In case you missed the opportunity to see Ray’s zombie carving come to life, we have a video with Ray himself taking you through the process of carving his pumpkin sculpture for NYBG. The end result is a bone-chilling zombie climbing out of a 1700-pound pumpkin! Check out the installation this weekend as part of our annual Award-Winning Giant Pumpkin Display, or for the full Halloween experience get tickets to one of our upcoming Spooky Nighttime Adventures and see Ray’s creation fully illuminated for the first time in his four years working with the Garden.

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Article source: http://blogs.nybg.org/plant-talk/2014/10/video/inside-ray-villafanes-apocalyptic-zombie-carving/

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Morning Eye Candy: One By One

We’re approaching peak color in the next few weeks! Check our Foliage Tracker to make sure you catch the leaves at their most vibrant.

fall foliage NYBG

In the Thain Family Forest – Photo by Ivo M. Vermeulen

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Morning Eye Candy: Tree of Life

Ross Conifer Arboretum

European hornbeam (Carpinus betulus ‘Fastigiata’) in the Ross Conifer Arboretum – Photo by Ivo M. Vermeulen

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Article source: http://blogs.nybg.org/plant-talk/2014/10/photography/morning-eye-candy-tree-of-life/

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Leaf Propagation: A Succulent Shared

Christian Primeau is the NYBG‘s Manager of the Enid A. Haupt Conservatory.


Nolen Greenhouses gardener Karen Drews takes leaf cuttings

Nolen Greenhouses gardener Karen Drews takes leaf cuttings

Who doesn’t love a sharer? Not an over-sharer, like Harold in Accounting, whose detailed inquest into his latest digestive afflictions has positively ruined my lunch hour three days running (I’m a horticulturist, not a doctor, Harold…we’ve been over this). No, I’m referring to the sweet woman who makes popcorn and secretly gifts you a handful, or the savior who brings coffee for everyone on Monday morning. And while you won’t even get within visual range of any popcorn or coffee in my possession, I am a prolific sharer of plants, so I do have a few friends left about the office.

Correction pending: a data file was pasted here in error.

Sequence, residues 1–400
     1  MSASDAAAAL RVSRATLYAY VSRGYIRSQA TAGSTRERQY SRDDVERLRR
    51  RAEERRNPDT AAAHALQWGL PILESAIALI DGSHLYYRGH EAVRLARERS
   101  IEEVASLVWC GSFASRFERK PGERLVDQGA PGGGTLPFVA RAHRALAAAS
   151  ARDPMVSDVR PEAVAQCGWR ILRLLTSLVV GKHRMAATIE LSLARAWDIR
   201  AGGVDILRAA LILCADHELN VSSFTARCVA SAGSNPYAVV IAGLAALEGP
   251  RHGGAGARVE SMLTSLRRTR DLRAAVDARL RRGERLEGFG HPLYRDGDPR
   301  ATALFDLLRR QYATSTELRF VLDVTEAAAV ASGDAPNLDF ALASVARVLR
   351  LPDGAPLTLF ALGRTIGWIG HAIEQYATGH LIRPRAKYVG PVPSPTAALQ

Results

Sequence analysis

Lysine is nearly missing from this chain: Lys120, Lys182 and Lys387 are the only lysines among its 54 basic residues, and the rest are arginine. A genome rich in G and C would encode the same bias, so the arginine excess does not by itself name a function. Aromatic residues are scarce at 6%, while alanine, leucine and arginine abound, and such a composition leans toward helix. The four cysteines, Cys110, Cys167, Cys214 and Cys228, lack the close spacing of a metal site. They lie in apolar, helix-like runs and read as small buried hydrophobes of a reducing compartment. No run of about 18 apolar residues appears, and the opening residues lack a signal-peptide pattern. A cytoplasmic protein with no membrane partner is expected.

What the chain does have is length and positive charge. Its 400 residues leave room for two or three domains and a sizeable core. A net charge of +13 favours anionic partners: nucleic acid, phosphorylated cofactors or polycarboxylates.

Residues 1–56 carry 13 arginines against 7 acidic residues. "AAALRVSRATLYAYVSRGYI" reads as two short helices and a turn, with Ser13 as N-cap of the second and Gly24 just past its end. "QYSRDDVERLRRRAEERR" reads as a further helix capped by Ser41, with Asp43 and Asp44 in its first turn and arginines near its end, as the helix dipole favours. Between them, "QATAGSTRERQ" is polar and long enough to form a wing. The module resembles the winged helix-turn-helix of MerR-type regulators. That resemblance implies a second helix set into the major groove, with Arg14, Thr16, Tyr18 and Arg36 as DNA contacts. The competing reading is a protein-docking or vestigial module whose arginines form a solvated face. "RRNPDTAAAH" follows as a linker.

Propagating plants can be as painless and satisfying as popping corn, pressing “brew” on the coffee machine, or simply eating lunch outside under a shady tree to avoid Harold. This is especially true of rosette succulents like Echeveria. Often referred to as Mexican Hens and Chicks, these Central and South American species adore sun, tolerate neglect, and exhibit a vast array of captivating leaf forms as well as flower and foliage colors. Truth be told, it’s a painfully easy group of plants to become enamored with and collect. The good news is that propagating and sharing your echeverias is a great way to make someone’s day and assuage the guilt of having spent far too much money on internet plant auctions. Be sure to remind your very patient and understanding spouse that smiles are priceless. PRICELESS.

Planted leaf cuttings

Planted leaf cuttings

Luckily, one Echeveria can yield a bounty of babies (and therefore smiles!) A word of warning, however: the first act involves courage as it entails “decimating” your lovely plant by gently detaching each mature leaf from the stem. Fear not—every thick, succulent leaf is a self-contained “power pack” with the ability to continue photosynthesizing and enough stored moisture to put that energy to immediate use growing new roots and leaves.

The second step is no more challenging. Simply lay each leaf directly on the surface of a moistened, well-drained cactus/succulent soil mix, or bury the detached end of each leaf in the medium at a 45-degree angle, tamping lightly around the base to secure it firmly in position. Place your leaf cuttings in bright, indirect light in a warm, well ventilated area.

Succulent leaf cuttings show the beginnings of new rosettes.

Succulent leaf cuttings show the beginnings of new rosettes.

For the next four to five weeks you’ll play the waiting game. If you keep the mix ever so slightly moist during that time, you will experience what I find to be one of the most rewarding aspects of horticulture. From the base of each leaf will emerge delicate young roots followed by one or more miniature new rosettes. These rosettes will grow and strengthen, absorbing moisture and nutrients in the soil as well as the still-attached “mother leaf.”

When the original leaf begins to yellow and shrivel, you can carefully transplant each new rosette into its own little pot. You are now poised to shower your friends and coworkers with leafy love. Yes…even Harold.

I encourage you to experiment with this simple propagation technique. Remember, it works just as well on Graptopetalum, Sedum, Kalanchoe, and many other succulent plant species. Have fun! Share! Go forth and multiply your plants!

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Article source: http://blogs.nybg.org/plant-talk/2014/10/horticulture-2/leaf-propagation-a-succulent-shared/

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Morning Eye Candy: One By One

We’re approaching peak color in the next few weeks! Check our Foliage Tracker to make sure you catch the leaves at their most vibrant.

fall foliage NYBG

In the Thain Family Forest – Photo by Ivo M. Vermeulen